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Anorak News | After Hillsborough Liverpool fans challenge all-seater ground control

After Hillsborough Liverpool fans challenge all-seater ground control

by | 5th, October 2016

Hillsborough is back in the news. It never went away. We still await justice for the 96 people killed at the FA Cup semi-final in 1989. It took 26 years for the State to admit the dead were innocent. How long will it take to nail the guilty?

 

Soccer - Football League Division One - Chelsea v Arsenal - Stamford Bridge A young fan is passed over the heads of the crowd to a better viewing position at the front of the terrace Date: 01/11/1947

Soccer – Football League Division One – Chelsea v Arsenal – Stamford Bridge. A young fan is passed over the heads of the crowd to a better viewing position at the front of the terrace. Date: 01/11/1947

 

Today the Guardian reports on moves to bring back standing at Premier League football grounds.

We’d argue that standing on the terraces never caused the horror at Hillsborough. When the victims were crying out for help behind those cages the police sent for the attack dogs. The deaths were accidental. But they were the result of a policy that portrayed and treated football fans as scum.

The Liverpool supporters’ union (LSU) Spirit of Shankly wants to bring back standing. Premier League Football is sanitised and stripped of the passion that made the game so magical. Standing is one stop towards breaking the myriad controls forced on fans.

The LSU will ask other Liverpool fans and the families of those killed at Hillsborough for their views on a return to standing at top-flight grounds.

The Guardian says the Hillsborough Family Support Group is strongly opposed to standing. The Hillsborough Justice Campaign says: “There has always been a variety of views amongst HJC members. We do however, support a full and objective debate on the issue with safety being paramount.”

 

The Kop liverpool standing

The Kop

 

The LSU floated the idea at last month’s AGM. It said:

“There have been ongoing campaigns for the implementation of ‘rail seating’ at football grounds, similar to those often found in Germany. This has been alongside debate about supporters who currently stand in seated areas. It should be recognised and acknowledged that this occurs.

“LSU has never formally adopted a position on ‘rail seating’, ‘safe standing’ or these matters by whichever name it goes by. The debate, in recent months, has moved on, following the implementation of rail seating at Celtic and with football clubs openly discussing the idea. Supporters at other clubs are actively campaigning for the introduction of rail seating. Whilst LSU recognises that opinion amongst our fan base is divided, with supporters and Hillsborough campaigners and groups on both sides of the debate, our stance and opinion on such matters should be one directed by our members.”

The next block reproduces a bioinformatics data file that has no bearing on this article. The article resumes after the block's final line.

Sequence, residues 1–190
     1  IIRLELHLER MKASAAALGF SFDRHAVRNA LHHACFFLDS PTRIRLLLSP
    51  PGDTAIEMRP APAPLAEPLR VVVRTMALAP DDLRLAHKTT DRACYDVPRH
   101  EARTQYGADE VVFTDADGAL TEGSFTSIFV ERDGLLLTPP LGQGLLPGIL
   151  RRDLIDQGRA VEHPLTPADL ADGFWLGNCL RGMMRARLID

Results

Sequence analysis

It is an emotive issue. All-seat regulations were introduced into English football by Lord Justice Taylor’s report into the Hillsborough disaster. Rather than censure the police and look to themselves, the authorities moved swiftly to enforce further controls on fans. Sat in numbered seats these criminals-in-waiting were more easily monitored.

And don’t you dare move. In 2006, West Ham United sent the following note to 20 season ticket holders: “You have ignored repeated requests to remain seated and are therefore placing the club in jeopardy of losing capacity. As a result you are banned from attending Upton Park for two matches.”

Sit down or else.

And then came the advice to shut up. (Spurs fans must not champion the ‘Yid Army’. Celtic’s ‘Green Brigade’ and should stop singing the wrong kinds of songs, and so too Glasgow Rangers fans. Never mind that the bawdy chants are reminders of what binds fans to their clubs, they are possibly offensive to sensitive ears and must be banned. Songs will be censored or drowned out by blaring PA systems, piped music, anthems and ridiculous countdowns to kick-off.)

You want to know why 60,000 fans at Arsenal’s shiny new Emirates ground make less noise than half that number did at Highbury? They’ve been pacified. Sit down. Don’t drink. Book your seats in advance – no groups of mates rocking up to let off steam have a hope of getting in.

When the Emirates opened, the club heard the silence. They soon advertised for a ‘Singing Section’, a licensed place where the noisiest fans could sing approved songs. It was pathetic. And so too are standing zones. Football fans have been reduced to accepting scraps of legislated freedom.

Don’t stand up in the zone of tolerance. Stand up to the marketeers, control freaks and State that have subdued the fans and taken the fun out of football.



Posted: 5th, October 2016 | In: Key Posts, Liverpool, Sports Comment | TrackBack | Permalink